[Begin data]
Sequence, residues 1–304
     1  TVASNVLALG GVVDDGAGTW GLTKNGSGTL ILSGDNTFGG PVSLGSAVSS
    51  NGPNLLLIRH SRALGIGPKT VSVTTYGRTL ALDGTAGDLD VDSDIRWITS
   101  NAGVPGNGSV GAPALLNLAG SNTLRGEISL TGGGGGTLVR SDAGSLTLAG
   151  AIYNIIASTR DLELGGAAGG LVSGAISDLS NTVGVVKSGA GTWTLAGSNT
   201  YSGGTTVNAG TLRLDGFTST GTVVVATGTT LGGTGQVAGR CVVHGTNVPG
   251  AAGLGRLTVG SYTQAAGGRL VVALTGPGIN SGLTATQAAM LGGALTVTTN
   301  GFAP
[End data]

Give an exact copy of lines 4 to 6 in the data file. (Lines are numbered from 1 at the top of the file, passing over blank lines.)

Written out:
   101  NAGVPGNGSV GAPALLNLAG SNTLRGEISL TGGGGGTLVR SDAGSLTLAG
   151  AIYNIIASTR DLELGGAAGG LVSGAISDLS NTVGVVKSGA GTWTLAGSNT
   201  YSGGTTVNAG TLRLDGFTST GTVVVATGTT LGGTGQVAGR CVVHGTNVPG